Pittsburgh showed a different mentality in the second half of their week 6 win against the Jets. They chose to run the ball against a Jets defense that had shut them out in the first half. In doing so the Steelers had some success running for 61 yards in the second half which was around what they average per game. Pittsburgh wanted to be physical and impose their will with their young but talented offensive line. They needed to carry over that physicality to their match up against the Baltimore Ravens which promised to be nothing if not physical.
It was clear from the very first play that right guard David DeCastro was looking to impose his will on whoever lined up in front of him for the Ravens.
Bell in this play showed patience and some better vision finding a hole on the backside of the play. It was created by a imposing block by DeCastro. Firing off the line DeCastro got his hands inside the defensive linemen, drove from his hips and pushed the defender back five yards to give Bell a good hole. To say DeCastro won his battle on this play would be an understatement to say the least. It would be wrong to over look the performance of center Fernando Velasco and left guard Ramon Foster on the play. They started out double teaming defensive tackle Haloti Ngata, and then Velasco peeled off to the linebacker who was attempting to fill the hole. While not as dominate a block as DeCastro's, picking up the linebacker gave Bell an opening in the second level of the defense.
What Bell did on the run was subtle but was effective. Instead of running up into the backs of his linemen, Bell skipped to the left, saw the hole DeCastro made and accelerated through it. Most importantly he kept his legs churning through contact and fell forward to increase the amount of yards on the run. That type of play will be overlooked in the stat sheet.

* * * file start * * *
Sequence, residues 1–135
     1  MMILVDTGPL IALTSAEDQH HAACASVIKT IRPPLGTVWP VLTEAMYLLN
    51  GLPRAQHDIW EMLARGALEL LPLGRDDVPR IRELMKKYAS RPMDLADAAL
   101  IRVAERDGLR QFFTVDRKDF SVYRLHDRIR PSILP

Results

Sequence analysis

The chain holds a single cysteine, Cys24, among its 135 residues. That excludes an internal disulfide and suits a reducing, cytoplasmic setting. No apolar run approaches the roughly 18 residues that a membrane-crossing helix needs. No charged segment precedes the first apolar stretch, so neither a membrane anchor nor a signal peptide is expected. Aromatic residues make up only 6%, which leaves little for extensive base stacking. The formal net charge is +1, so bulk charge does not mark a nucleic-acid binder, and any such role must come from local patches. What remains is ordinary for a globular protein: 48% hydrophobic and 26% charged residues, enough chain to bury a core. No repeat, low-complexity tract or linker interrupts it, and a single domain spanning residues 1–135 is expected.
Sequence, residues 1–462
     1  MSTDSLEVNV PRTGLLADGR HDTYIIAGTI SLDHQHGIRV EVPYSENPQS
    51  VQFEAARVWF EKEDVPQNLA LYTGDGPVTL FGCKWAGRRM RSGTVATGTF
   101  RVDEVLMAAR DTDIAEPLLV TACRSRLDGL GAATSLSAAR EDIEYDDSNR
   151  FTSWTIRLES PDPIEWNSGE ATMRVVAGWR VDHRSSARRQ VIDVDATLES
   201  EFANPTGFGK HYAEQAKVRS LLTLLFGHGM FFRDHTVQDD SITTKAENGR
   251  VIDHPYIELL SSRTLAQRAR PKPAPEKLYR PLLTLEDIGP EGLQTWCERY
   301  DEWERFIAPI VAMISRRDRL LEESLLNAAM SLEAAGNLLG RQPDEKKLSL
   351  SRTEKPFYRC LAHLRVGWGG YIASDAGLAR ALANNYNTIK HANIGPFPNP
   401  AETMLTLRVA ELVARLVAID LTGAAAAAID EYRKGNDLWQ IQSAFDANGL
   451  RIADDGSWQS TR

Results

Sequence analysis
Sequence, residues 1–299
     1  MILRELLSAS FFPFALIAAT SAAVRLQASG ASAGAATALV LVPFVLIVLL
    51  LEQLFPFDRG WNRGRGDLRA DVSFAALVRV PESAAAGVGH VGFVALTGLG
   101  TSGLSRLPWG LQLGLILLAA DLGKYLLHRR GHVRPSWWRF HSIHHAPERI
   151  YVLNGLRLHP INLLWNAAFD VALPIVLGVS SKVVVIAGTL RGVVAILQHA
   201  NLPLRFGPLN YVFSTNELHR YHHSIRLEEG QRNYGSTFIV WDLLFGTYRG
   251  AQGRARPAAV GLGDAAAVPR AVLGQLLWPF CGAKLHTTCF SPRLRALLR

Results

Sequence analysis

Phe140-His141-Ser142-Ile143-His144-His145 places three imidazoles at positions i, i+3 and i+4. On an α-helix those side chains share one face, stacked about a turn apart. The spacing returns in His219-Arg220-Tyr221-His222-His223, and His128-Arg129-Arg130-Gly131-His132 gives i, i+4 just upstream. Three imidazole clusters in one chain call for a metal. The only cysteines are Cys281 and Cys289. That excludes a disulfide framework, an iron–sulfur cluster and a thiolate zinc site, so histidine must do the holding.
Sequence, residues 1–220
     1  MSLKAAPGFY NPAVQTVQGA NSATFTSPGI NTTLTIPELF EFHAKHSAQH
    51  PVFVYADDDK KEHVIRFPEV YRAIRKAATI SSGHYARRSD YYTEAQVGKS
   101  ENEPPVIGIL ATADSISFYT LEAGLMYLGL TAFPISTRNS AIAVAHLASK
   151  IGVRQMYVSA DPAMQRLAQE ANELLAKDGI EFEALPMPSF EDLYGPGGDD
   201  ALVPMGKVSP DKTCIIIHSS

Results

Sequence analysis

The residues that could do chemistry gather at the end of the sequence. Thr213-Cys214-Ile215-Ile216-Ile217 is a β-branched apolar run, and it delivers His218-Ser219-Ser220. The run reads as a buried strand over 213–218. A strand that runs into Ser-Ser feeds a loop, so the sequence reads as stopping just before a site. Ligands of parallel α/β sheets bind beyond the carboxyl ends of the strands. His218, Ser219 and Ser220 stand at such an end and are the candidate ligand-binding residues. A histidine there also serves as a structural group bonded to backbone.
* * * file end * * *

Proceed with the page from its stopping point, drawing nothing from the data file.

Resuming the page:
The Steelers used the Wildcat to help their run game as well. This new wrinkle took advantage of the running back Bell's exceptional vision and patients as well as the confusion of the opposing defense. Like any run, however, the blocking up front that determines the success of the play.
Bell starts to the right on the play, not see an opening he executes a skip step and waits for the hole to open. When he sees his he plants his foot and accelerates through the hole. This is a prime example of the old cliche of a one cut and go running back. The most important thing Bell did though was waiting and being patient behind the line of scrimmage. Doing this gave DeCastro enough time to chip Ngata and get onto the linebacker.
The hole was set up by an excellent block by the RT Mike Adams and the ability of David DeCastro to peel off the double team of Haloti Ngata and get on to the middle linebacker. The line opened a very big initial hole and if Miller could have held his block on the LB this play could have gone for more than just seven yards.
Against the Ravens, the offensive line wants to impose their will on the defense. By the third quarter, the running game was having success and all of the Steelers linemen played with a different mentality. They started to flash a little bit of swagger and nasty in their play.
This is DeCastro's best block of the day.
He drives his helmet into the chest of Arthur Jones, knocks him backwards and then sealed him to the outside. He had his way with Jones all game long. Foster too showed some nasty. He went to the Mack LB, made contact drove his hips forward, and kept his feet moving as he drove the LB backwards. Then he finishes the block driving the LB to the ground as he tries to get off the block.The RB Bell does an excellent job of accelerating through the hole and lower his shoulder on the safety. He doesn't go down easily. DeCastro sees Bell being held up an runs up field to push the pile forward for more positive yardage.
In this game the Steelers ran for 141 yards on 29 rushing attempts and 4.9 yards per run. Bell was patient and read the holes incredibly well. Perhaps best of all, Steelers running backs were only tackled for a loss once all night. This game had the type of physical, and nasty run game reminiscent of the Pittsburgh offenses of the past.
The Steelers' first offensive players drafted over the last two years, DeCastro and Bell, should be given some major credit with its revival this season.